It's a man's, man's, man's Meiji era

Baron Yoshimoto's legendary manga 『柔侠伝』 is being republished in convenience store phone book format. I'm not sure how to pronounce this -- Juukanden? Juukyouden? or exactly what it means (my best guess is "Tales of a Judo Guy") but I do know one thing: it rules, and I'm going to do my part to remedy the lack of information about it available online.

Let me start with a lesson in Meiji mixed-bathing etiquette, as demonstrated by our hero YANAGI Kankurou. What do we do when we unexpectedly run into a lady of our acquaintance, suitably accompanied by her brother of course, while we are wearing only a fundoshi?


Let's see that again in close-up SCAN-O-VISION!

Seriously, this is an awesome work, with just the right mix of cheesy fisticuffs and period detail. A lot of the introductory panels for scenes are obviously photo-referenced, and they look fantastic. But that isn't to say that Yoshimoto can't draw up a storm even without a reference. As a special bonus, here's the title page for the chapter in which the above scene takes place.

Popularity factor: 3


For what it's worth, in Chinese that character is pronounced xia2 and means knight or adventurer or something like that. The translation for Batman, for example, is the characters for "bat" plus that.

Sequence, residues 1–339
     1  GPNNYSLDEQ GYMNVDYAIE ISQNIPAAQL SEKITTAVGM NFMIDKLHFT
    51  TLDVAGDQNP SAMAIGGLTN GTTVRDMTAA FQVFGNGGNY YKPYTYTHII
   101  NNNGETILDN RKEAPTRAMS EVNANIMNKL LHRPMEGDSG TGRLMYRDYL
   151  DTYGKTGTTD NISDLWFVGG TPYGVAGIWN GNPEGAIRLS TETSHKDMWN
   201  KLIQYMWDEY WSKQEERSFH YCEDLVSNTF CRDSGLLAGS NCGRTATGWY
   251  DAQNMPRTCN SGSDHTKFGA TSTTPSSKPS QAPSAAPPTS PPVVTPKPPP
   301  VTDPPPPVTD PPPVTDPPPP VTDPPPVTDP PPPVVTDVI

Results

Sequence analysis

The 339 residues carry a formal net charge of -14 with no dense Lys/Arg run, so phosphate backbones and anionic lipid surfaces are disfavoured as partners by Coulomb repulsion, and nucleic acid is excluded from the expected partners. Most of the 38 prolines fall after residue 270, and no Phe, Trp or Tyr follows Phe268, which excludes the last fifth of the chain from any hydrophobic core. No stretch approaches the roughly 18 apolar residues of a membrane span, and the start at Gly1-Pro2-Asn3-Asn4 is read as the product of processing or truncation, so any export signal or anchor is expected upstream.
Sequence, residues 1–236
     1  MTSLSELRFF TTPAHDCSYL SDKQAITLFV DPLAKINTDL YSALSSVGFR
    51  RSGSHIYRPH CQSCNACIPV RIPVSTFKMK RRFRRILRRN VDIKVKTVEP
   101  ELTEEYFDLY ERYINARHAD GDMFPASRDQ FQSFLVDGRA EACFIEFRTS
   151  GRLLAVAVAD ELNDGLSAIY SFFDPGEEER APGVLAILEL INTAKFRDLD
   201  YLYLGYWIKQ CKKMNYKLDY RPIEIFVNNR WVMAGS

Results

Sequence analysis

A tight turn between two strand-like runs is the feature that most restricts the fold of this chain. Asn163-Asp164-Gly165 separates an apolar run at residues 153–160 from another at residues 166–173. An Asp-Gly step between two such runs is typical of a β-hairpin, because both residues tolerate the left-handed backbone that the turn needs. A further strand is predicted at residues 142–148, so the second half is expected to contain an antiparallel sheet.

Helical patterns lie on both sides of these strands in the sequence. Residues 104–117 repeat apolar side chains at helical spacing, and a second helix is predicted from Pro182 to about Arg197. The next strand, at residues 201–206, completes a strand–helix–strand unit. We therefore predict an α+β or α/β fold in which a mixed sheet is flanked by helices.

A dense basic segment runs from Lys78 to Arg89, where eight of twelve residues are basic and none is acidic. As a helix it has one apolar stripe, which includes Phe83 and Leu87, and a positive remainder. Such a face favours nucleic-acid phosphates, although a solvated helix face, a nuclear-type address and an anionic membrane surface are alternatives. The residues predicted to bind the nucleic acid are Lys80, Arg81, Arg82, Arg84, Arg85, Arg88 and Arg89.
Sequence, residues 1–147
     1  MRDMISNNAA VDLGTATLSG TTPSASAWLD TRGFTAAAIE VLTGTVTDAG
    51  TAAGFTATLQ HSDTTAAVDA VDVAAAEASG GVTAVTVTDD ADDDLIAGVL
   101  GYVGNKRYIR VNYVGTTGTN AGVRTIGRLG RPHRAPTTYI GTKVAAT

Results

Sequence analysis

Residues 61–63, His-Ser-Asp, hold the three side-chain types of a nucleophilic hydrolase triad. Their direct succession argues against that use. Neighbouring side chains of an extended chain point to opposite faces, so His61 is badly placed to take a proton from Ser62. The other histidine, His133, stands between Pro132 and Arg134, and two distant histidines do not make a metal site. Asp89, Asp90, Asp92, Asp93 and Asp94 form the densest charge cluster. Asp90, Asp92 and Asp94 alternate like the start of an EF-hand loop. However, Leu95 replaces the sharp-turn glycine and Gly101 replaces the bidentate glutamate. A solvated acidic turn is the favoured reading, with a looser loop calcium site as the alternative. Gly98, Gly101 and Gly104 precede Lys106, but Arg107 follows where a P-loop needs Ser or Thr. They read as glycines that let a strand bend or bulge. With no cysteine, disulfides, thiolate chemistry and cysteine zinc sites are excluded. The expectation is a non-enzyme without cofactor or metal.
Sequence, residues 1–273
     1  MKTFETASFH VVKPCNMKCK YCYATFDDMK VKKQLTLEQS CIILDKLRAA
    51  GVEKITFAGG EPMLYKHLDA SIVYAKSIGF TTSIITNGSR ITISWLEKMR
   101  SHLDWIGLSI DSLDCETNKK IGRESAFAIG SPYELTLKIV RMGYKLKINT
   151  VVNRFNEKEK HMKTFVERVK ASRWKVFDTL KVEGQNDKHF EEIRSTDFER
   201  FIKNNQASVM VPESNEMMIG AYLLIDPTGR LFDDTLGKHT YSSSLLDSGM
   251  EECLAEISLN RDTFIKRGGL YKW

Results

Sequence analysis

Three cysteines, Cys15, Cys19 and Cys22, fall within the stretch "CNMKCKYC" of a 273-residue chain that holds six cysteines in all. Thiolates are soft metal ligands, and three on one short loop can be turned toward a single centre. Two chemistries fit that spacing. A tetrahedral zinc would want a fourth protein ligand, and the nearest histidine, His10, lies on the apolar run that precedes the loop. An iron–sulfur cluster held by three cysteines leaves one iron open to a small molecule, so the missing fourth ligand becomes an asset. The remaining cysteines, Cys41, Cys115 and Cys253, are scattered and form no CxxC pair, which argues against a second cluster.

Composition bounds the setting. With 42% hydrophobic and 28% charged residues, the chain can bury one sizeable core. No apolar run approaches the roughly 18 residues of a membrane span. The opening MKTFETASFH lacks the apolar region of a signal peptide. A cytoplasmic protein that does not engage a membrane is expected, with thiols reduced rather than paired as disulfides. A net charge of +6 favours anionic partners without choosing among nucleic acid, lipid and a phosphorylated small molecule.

Based on the Chinese, I would put my money on "kyou" for the J-yomikata here.


So "The Adventures of Judoman" might be a good rendering.

yeah, kyou seems to be the standard reading in Japanese too... there are some weird outliers though, like using it for "otoko" (similarly to 漢, I presume)


Ah, ateji... Did I say Japanese makes sense? I take it back. But that's the fun of it, isnt it?

"Adventures of Judoman" sounds awesome.

The only manga I ever purchased in Japan was a history of Japan, and it was all full of nari and tari and nu and stuff like that. I should ppick it up again now that I have some CJ under my belt.

Comment season is closed.